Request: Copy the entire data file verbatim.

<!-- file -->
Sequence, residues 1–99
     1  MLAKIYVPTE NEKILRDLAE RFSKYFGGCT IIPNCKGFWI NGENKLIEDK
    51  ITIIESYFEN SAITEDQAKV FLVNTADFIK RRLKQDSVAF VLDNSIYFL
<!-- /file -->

Sequence, residues 1–99
     1  MLAKIYVPTE NEKILRDLAE RFSKYFGGCT IIPNCKGFWI NGENKLIEDK
    51  ITIIESYFEN SAITEDQAKV FLVNTADFIK RRLKQDSVAF VLDNSIYFL